Category Archives: Technology

Reunions as an Oral History Source

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By Ryan O’Connor One of the defining countercultural phenomena of the 1970s was the back-to-the-land movement. During this period, tens – maybe hundreds – of thousands of North Americans abandoned their urban dwellings for a rural lifestyle. This movement, which eschewed the postwar consumer culture, brought thousands of people “from away” to Prince Edward Island. Some stayed a few weeks;… Read more »

Exhibiting Race: The Power of Portraiture

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Is race something we wear on our faces? Does it lie our skin colour, place of origin, or ancestry? Is it tangible? Two online exhibits challenge these ideas. The White Australia Policy began in 1901. Years of xenophobia and racial tensions, caused by increasing immigration, labour disputes, and competition in the Australian goldfields, fostered the passing of the Immigration Restriction… Read more »

Was the Past a Happy Place?

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By Ian Milligan Was the past a happy place? Could we take a large array of information and learn whether there was an emotional content to it? I’ve been increasingly curious about how we can apply a host of tools that data miners are using on contemporary information to large repositories of historical information: could we learn something new from… Read more »

Illusionary Order: Cautionary Notes for Online Newspapers

By Ian Milligan Online digitized newspapers are great. If you have access (either through a free database or via a personal or library subscription), you can quickly find the information you need: a specific search for a last name might help you find ancestors, a search for a specific event can find historical context for it (i.e. the Christie Pits… Read more »

History vs. Geography and Sourcemap.com

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The interactive map above, produced by Leo Bonanni, the CEO of Sourcemap.com, demonstrates the impressive power of geographical analysis in the early 21st century. The map shows the supply chains for a typical laptop computer and provides a fascinating insight into the complicated mix of natural resources and manufacturing labour needed. It raises questions about the environmental and social consequences… Read more »

A Picture is Worth a Thousand Words: Visualizing the Past

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I have recently been trying to figure out good ways of representing large amounts of historical information in a way that makes sense to everybody who might stumble across my work! I think that a good graphic has the ability to draw readers into what we do, letting us convey the scope, joy, or horror of history without needing to… Read more »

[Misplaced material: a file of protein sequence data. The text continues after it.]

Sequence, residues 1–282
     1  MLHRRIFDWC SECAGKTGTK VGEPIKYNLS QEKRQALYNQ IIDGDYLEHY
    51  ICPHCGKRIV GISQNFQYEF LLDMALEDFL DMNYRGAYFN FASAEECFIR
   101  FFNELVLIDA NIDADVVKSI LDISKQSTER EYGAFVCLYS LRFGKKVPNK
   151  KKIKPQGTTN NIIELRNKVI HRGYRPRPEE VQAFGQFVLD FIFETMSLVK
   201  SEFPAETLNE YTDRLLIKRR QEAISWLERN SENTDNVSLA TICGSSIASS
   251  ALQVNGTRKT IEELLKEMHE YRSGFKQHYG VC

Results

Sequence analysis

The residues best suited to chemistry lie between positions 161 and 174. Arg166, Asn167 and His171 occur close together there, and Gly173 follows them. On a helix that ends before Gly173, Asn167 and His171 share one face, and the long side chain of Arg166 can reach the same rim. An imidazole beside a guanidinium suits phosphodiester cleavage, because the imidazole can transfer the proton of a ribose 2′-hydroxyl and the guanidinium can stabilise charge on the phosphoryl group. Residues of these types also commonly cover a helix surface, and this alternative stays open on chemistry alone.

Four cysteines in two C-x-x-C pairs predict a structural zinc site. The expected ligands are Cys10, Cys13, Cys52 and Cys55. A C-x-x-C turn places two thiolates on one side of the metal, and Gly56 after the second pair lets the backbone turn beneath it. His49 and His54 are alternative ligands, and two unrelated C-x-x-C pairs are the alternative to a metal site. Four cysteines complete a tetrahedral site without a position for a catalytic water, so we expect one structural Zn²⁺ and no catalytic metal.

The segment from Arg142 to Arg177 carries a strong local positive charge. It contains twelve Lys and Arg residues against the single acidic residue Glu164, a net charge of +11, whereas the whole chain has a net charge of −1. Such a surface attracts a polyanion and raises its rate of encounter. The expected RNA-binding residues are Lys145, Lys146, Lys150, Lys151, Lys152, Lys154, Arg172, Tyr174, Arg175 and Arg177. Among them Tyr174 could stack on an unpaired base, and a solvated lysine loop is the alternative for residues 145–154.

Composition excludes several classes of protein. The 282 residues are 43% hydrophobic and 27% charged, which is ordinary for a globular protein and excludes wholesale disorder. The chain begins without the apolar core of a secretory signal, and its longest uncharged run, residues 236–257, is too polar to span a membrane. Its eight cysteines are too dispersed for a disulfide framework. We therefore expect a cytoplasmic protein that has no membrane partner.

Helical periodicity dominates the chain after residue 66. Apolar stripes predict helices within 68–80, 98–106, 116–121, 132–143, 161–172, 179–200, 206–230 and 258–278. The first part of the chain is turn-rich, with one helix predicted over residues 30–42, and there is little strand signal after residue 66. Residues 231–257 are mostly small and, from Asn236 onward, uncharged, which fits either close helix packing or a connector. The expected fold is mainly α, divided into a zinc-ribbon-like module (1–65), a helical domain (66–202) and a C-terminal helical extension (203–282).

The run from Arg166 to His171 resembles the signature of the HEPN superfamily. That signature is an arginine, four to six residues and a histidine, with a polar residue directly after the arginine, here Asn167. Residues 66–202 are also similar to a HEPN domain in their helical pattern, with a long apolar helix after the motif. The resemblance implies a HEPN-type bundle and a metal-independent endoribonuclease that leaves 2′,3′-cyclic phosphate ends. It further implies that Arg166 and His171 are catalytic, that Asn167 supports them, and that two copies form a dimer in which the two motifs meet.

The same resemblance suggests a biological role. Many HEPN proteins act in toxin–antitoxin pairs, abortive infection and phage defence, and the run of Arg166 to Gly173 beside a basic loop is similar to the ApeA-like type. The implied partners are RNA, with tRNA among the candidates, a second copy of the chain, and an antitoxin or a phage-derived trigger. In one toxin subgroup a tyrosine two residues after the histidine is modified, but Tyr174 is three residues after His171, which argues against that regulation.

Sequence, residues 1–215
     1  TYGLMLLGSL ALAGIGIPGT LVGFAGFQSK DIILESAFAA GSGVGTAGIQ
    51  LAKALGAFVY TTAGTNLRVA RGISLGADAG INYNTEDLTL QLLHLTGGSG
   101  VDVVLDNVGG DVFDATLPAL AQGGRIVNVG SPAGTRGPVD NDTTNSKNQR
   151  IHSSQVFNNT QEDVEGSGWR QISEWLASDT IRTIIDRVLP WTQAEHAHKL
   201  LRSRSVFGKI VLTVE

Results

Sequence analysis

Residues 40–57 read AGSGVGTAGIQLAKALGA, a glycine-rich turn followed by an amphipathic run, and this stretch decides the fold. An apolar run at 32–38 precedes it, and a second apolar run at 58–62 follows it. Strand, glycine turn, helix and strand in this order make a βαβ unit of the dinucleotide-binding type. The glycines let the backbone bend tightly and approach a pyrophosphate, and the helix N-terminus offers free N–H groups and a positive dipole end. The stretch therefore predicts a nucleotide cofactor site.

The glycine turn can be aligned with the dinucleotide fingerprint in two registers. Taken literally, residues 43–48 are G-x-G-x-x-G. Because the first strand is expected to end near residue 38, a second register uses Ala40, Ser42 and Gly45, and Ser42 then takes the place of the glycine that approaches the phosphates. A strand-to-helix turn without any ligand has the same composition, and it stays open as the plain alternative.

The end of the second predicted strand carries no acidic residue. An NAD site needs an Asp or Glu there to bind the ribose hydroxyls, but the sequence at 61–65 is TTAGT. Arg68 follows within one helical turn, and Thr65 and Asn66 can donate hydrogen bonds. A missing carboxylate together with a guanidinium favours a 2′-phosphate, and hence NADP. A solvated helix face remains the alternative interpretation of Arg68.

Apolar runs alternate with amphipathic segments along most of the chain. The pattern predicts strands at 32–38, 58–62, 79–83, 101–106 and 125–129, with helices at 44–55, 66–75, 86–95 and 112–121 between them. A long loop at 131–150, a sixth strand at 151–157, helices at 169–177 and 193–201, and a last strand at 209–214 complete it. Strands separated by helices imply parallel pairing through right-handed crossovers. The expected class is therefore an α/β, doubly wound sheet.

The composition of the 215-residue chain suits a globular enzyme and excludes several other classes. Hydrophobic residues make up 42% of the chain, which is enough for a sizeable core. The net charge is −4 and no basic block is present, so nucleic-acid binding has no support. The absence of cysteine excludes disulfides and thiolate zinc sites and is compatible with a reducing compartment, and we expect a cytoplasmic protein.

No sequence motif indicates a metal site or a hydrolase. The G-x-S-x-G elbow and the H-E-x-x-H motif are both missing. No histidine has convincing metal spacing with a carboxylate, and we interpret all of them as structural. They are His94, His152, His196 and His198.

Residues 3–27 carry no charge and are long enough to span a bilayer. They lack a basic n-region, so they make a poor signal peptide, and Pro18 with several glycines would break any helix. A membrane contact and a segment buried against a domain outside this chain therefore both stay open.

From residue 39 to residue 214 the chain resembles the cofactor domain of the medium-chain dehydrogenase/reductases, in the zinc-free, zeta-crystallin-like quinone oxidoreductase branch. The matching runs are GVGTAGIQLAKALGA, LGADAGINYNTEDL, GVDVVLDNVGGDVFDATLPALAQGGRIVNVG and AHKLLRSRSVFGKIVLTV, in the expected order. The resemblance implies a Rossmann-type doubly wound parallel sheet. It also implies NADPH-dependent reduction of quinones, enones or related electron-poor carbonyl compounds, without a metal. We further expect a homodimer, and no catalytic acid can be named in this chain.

Revisiting Past Places: Google’s ‘Memories for the Future’ Project in Japan

Next month will mark one year since the people of Japan experienced a devastating series of natural disasters. The earthquake and tsunami that hit parts of Japan on March 11, 2011, resulted in tremendous loss for the Japanese people. Many Japanese lost their lives while survivors lost homes, a sense of stability, and sense of place. Personal items and familiar… Read more »

Too Much Information: The Case for the Programming Historian

Depending on your vantage point, we have a looming opportunity – or a looming problem. Historical digital sources have reached a scale where they defy conventional analysis and now call out for computational analysis. The Internet Archive alone has 2.9 million texts, there are 2.6 million pages of historical newspapers archived at the Chronicling America site of the US Library… Read more »

Top 10 Tips for Managing Your Organization’s Social Media Presence

It is important to note that establishing a good social media policy is crucial before indulging in this exciting world of conversation and knowledge sharing. Most of the following points appear in the social media policy for Banting House. If you’re looking for a foundation, there are plenty social media policy templates online.

Bill C-309, Preventing Persons from Concealing Their Identity during Riots and Unlawful Assemblies Act

My Conservative MP sent the following question to his constituents this week: “Debate has now begun on [Conservative] MP Blake Richards’ Private Members’ Bill C-309.  The Bill proposes creating a new criminal offence for those that wear ‘a mask or other disguise to conceal their identity without lawful excuse’ during a riot or unlawful assembly.  This Bill was crafted in… Read more »